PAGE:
Even though I still fall into that “new” mom category (and trust me, there are days that I believe I’ll be new forever) I’ve also realized that I have learned a lot in the past 8+ months. Some of the education has come through heartfelt conversations with mom friends; some of it from the greatest mom I know (my own, duh) and some of it has come via late night WebMD-ing. Becoming a mom is, by far, the most awesomely incredible and tremendously frightening thing I’ve ever done (moms, you know what I mean).
Aside from the learning aspect, parenthood has also brought on a certain “growing up.” But wait…I’m already a grown up, right? I mean, I turned t-h-i-r-t-y last year (if you spell it instead of speaking it aloud, it doesn’t count) so I’m grown, dammit. I also refuse to admit I have any growing up left to do. This, from the girl who still makes “wiener” jokes when she sees a Daschund. So I’m not growing up…I’m momming up.
There are things that I will do now, as a mom, that I would have never even considered doing before we had Miles. Adult things. Grown up things. MOM THINGS.
1. I will gladly pick boogers that are not my own. Whether Miles likes it or not, I am determined to get that booger out of his nose, with my bare hands and with spit, if that’s what it takes. Side note: Are all children’s boogers made of rubber cement? If I manage to get it out of his nose, I can’t get it off of my hand. Or my shirt. Or the cat (sorry, Pookie).
2. I’m totally okay with getting poop on my hands. Human poop! In addition to being okay with fecal matter touching my dainty, delicate hands, I’m also totally fine studying it, sniffing it, and wondering if that’s just a piece of carrot or possibly crayon that he found under the china hutch.
3. I never need to wear make-up again, ever. Okay, I’ll wear it on weekdays and Sundays. Before Miles, I needed to look presentable before I’d go to places like Publix or Target. Now? Well, if anyone notices the giant zit on my chin (STOP LOOKING) I just hold up the kid, and everyone is distracted by his overwhelming cuteness. What zit? BOOM.
4. Yoga pants are fashionable all the time. Because no matter what I’m wearing, it’s going to get a rubber cement booger on it. Or drool. Or spaghetti and meatballs. Being fashionable is not as important as wearing something that allows me to comfortably care for my son, while remaining agile (trust me, agility is an important parenting skill). Additional side note: WHY DOES SPAGHETTI TURN A BABY ORANGE?! This doesn’t happen to me when I eat it. Although, to be fair, I’m not smashing it in my face and trying to shove noodles in my ears.
5. I never need to wear high heels again. I was self-conscious about my height and totally obsessed with shoes before Miles. I am now one of those moms who will wear the same pair of jeans until they fall apart at the seams because I could officially care less about what I look like (to an extent). So I happily bid adieu to the shoes that have ruined my arches, caused endless lower back pain, and squished my toes (but I looked damn good). And I am eleventy million percent comfortable with throwing in the towel when it comes to heels…it’s way easier to chase a kid around barefoot.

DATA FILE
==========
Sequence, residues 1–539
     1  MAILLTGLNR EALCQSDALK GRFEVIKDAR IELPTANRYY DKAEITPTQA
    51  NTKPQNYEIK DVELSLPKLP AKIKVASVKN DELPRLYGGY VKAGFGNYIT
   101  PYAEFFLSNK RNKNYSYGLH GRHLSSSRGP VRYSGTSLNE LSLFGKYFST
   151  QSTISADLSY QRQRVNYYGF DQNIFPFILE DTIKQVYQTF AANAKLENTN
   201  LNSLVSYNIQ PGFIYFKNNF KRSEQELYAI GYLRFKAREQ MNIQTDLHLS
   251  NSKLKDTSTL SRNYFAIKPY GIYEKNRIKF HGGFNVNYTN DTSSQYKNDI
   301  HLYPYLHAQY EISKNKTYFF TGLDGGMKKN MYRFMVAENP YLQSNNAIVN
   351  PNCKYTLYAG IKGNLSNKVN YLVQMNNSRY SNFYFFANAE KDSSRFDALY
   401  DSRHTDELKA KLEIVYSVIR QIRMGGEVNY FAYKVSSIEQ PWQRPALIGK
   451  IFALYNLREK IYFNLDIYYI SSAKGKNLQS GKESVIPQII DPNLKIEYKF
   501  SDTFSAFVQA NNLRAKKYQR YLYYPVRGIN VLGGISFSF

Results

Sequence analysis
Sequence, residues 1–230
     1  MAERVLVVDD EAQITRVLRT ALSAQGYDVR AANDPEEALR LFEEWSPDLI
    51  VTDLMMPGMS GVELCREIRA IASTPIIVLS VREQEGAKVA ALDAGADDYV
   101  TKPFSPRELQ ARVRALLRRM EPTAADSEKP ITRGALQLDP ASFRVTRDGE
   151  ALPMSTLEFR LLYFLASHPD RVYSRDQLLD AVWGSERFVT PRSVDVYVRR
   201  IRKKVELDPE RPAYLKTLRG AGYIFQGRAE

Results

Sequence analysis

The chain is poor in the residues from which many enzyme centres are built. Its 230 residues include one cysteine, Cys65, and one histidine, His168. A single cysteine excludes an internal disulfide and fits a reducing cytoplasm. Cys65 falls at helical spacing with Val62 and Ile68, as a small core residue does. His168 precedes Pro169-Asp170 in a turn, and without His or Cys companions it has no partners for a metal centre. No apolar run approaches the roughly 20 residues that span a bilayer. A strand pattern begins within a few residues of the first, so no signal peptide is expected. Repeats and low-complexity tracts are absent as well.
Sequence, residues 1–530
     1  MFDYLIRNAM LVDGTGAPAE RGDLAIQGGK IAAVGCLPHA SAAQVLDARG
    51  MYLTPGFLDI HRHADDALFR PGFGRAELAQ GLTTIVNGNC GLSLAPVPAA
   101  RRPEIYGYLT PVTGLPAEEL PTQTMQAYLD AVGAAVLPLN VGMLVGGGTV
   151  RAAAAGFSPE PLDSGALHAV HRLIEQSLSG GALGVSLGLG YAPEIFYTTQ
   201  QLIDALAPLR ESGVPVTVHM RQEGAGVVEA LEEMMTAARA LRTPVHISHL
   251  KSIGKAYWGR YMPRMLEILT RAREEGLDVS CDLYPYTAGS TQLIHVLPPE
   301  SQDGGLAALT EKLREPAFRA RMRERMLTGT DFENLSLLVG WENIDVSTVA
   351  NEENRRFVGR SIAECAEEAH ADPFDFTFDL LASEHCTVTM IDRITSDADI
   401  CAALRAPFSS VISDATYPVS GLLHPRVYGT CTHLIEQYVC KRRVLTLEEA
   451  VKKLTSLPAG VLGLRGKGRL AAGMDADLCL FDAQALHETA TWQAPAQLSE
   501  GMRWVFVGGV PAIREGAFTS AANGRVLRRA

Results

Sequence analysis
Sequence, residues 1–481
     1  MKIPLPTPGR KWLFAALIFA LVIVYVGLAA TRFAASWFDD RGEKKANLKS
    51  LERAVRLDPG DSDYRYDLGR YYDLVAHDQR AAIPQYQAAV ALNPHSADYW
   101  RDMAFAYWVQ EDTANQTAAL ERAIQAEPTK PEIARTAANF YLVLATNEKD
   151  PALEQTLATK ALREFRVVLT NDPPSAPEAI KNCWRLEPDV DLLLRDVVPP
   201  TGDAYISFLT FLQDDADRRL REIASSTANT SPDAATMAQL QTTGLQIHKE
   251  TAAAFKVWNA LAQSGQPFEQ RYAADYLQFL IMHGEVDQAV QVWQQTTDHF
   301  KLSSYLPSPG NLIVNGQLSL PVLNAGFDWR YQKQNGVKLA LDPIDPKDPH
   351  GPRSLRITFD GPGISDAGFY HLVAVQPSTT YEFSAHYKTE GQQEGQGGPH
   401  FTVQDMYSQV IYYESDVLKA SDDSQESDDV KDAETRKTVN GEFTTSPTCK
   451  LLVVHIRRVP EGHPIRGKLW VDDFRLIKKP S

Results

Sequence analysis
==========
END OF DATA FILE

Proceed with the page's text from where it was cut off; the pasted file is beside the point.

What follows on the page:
6. I can admit when I need help. Being a mom is hard work sometimes. The hours can be long, and all you get paid in is poopie diapers and drool. Oh, and unconditional love. Also, millions of hugs and kisses…so it’s not too bad. But seriously, it’s hard work, and any mom who runs around pretending she’s Super Woman and has everything totally under control is probably totally lying to your face. So, I am not afraid, ashamed or embarassed to ask for help. I am blessed to have a super awesome husband who makes one hell of a partner; we can go all WWF tag team when needed. We are also blessed to have, for the most part (and knock on wood) a super easy baby.
7. I can go to bed early. Okay, so I went to bed early before…but now I feel like I’m being a responsible adult when I hit the hay at 8:30p, and not a lazy schlub who just wants to watch reruns of “Roseanne.”
8. I can make a household budget and stick to it. Because the extra mortgage payment that is tuition, food, clothes, diapers, teething rings, binkies and things to throw at the cats is important and cannot be ignored/recalculated/pushed off until the next month, I have to budget. And that doesn’t mean making a color coded Excel spreadsheet that I’ll end up ignoring after accidentally spending $170 at Total Wine (oops). It means holding myself accountable to that spreadsheet. And sometimes lying about how much wine I bought. IT WAS ON SALE.
You know those hippie moms, the ones who are far more hippie than I could ever hope to be, that talk about how carefree and wonderful parenthood is? They’re right; and maybe part of it is that we’ve just given up on certain things (let’s face it, saying I’m “carefree” sounds better than saying “I am too tired to wash my hair this weekend and I would rather finish this book instead”) but the majority of this new freedom is becoming comfortable with who you are. I was born to be a mom, and when I finally became one, it was one of those Oprah “AHA!” moments (not the “YOU GET A CAR!” kind, although that would be cool) and I realized this is who God intended me to be. I did it; I mommed up.
PS – The next time you see my husband, ask him about how he was almost edited out of number six over a single serving package of Oreo cookies. The cookies of selfishness.